Sigma’s 8-16 mm f/4.5-5.6 lens is the widest rectilinear lens made for APS-C sized cameras. This is the 35 mm equivalent of 12-24 mm. If sweeping landscape shots and front-interest images with tremendous depth are your things, then you’re going to love this lens.
Here is a video showing my edit of one of my photos. In it, I show you the software I used, the basic techniques, and why I did what I did.
Watch the video in the player on this page, and switch to full screen to see better. HD also helps see more detail.
Thank you for watching!
Fall can be an incredible time of the year for photography. With vibrant fall colors of orange, red, yellow, brown, and green, these are the ingredients for some stunning photos. There are a few steps you can take to maximize your photo’s potential and get even better shots. Continue reading
Here are some of my favorite films that are easily emulated by software.
DxO and Lightroom
When used together, DxO software and Lightroom work very well. However, I noticed an issue with my workflow and it was the color of the images. The greens and reds were noticeably stronger in DxO than in Lightroom, for the exact same photo. Here’s what I found out was the problem… Continue reading
What is a lens’s “sweet spot?”
Everybody wants sharp and focused photos. You can get good sharpness near to far in a photo by hyperfocal focusing, but what are the limits of sharpness of your lens? At what aperture (f-stop value) will you get the sharpest photos? This is also known as the “sweet spot” of the lens. Here is a simple test you can do to find out where your lens is sharpest. But first, some basic rules…
General Rules for Lenses
The rules are about the same for every lens. Here are the general ones: Continue reading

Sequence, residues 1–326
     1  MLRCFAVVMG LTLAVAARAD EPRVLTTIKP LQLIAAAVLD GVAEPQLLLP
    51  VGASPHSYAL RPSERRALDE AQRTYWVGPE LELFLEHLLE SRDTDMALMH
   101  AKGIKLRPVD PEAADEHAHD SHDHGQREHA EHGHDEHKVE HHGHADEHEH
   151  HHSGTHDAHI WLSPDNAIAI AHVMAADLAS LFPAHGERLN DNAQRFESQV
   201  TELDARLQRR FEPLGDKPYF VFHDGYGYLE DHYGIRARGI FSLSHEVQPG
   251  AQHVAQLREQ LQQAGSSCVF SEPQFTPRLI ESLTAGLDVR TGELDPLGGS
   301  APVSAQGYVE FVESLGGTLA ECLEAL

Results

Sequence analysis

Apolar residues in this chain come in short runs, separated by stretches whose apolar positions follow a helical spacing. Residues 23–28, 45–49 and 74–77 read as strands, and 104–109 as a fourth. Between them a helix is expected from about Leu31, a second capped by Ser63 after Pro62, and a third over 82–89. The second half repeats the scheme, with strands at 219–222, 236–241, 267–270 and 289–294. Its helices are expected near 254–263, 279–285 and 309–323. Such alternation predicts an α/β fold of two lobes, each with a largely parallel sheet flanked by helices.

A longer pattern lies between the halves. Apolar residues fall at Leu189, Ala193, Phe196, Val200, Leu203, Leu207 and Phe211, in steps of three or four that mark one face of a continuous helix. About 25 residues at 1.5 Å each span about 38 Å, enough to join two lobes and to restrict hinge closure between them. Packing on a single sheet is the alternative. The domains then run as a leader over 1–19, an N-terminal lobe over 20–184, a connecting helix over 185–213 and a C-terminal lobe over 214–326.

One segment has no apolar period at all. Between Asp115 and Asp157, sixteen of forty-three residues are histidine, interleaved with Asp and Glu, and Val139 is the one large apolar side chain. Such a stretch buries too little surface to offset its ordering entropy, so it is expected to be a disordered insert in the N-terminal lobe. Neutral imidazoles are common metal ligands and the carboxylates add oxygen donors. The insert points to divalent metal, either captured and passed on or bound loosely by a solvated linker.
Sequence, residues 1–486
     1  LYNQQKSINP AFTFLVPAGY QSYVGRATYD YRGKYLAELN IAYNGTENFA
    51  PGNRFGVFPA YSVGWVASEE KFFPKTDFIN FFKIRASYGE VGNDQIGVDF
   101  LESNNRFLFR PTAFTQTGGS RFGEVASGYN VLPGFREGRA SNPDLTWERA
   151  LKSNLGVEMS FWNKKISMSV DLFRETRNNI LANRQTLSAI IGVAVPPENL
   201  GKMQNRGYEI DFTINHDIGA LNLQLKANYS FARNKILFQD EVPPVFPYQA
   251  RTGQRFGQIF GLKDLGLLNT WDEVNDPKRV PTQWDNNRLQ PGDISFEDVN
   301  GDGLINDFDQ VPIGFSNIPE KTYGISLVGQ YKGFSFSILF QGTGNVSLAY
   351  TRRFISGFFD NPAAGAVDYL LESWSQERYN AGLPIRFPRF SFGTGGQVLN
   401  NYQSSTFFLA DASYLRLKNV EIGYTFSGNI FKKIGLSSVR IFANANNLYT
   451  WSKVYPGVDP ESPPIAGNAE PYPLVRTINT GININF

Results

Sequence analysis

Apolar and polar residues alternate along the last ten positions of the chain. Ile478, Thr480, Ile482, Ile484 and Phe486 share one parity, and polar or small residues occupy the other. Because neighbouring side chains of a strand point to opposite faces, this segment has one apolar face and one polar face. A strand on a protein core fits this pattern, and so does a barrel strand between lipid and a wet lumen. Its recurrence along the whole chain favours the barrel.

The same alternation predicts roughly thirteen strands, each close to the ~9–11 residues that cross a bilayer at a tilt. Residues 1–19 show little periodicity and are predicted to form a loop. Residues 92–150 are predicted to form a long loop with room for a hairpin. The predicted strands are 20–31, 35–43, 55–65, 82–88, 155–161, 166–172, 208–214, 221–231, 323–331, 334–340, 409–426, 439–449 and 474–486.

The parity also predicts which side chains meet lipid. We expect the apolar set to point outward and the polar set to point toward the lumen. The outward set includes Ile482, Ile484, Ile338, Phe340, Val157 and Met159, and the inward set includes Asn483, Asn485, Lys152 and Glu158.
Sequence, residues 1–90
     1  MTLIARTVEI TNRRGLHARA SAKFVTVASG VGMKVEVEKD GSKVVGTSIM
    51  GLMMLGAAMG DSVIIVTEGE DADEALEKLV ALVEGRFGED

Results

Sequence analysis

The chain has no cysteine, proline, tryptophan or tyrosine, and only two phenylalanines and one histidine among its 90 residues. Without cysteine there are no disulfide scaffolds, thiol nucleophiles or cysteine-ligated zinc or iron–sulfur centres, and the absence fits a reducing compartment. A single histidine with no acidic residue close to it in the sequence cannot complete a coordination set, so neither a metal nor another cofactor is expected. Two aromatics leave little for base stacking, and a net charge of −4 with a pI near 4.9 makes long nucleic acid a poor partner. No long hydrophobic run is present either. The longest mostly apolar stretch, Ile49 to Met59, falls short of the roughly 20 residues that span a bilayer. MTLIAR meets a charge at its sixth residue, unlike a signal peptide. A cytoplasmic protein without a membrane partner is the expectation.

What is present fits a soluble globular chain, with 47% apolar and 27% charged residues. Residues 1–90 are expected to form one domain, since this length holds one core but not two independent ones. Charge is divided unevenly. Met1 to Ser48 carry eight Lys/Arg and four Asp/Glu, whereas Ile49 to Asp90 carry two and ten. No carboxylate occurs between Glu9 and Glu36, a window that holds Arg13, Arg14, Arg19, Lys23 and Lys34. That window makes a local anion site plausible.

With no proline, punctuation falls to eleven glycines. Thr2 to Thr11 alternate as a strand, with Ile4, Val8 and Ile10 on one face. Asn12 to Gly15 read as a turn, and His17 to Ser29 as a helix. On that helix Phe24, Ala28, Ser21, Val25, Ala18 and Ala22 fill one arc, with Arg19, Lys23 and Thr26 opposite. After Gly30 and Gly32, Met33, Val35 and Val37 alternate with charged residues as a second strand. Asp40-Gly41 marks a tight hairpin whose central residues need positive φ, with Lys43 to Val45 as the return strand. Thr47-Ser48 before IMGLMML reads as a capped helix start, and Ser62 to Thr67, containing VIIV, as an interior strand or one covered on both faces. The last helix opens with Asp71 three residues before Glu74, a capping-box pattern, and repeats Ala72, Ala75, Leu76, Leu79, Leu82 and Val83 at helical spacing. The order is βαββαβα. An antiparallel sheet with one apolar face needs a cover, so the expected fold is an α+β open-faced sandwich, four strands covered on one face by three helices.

The Sigma DP series of cameras have absolutely phenomenal image quality, but they output a proprietary RAW file (*.x3f) from the Foveon® system that makes them awkward to work with. Here’s how I get great photos out of this camera:
When it comes to your photos, how sharp is sharp enough? Almost everyone wants crisp, detailed photos without blur and in good focus. In addition some sharp edges look great in the right places. But how to achieve all of this? Continue reading
Why would anyone want to add vignetting to a photo? It is usually something that photographers try to avoid! Lens and filter combinations that produce vignetting can be frustrating to photographers — often resulting in time spent in post-processing software to crop and remove the vignette. Even though vignetting is not always desirable in photos, it can be employed by the skilled photographer to create a “drawing” effect on the viewer. Here’s how . . . Continue reading
I’ve seen plenty of high-end photos with film grain visible in them. If you get right up to them and look, you can see it. I saw it in a Peter Lik photo when I was in on of his galleries in Waikiki and I thought “how could the great Peter Lik allow film grain in his photos?” But I realized shortly after, that great photographers do have film grain in their photos — usually because they shot on film!
So is it cool to have film grain in your photos? The answer is more complicated than a simple “yes” or “no”. But, generally yes.
My Lightroom Workflow
I use Adobe Lightroom for my photo processing needs and I have a workflow that I will share here with you. Please use it whole or in part as you need. I’m not going to show you each detail, but all the information you need will be in here. I’m writing it as if I’m telling myself what to do so if it seems direct, well, it was meant to be that way. Continue reading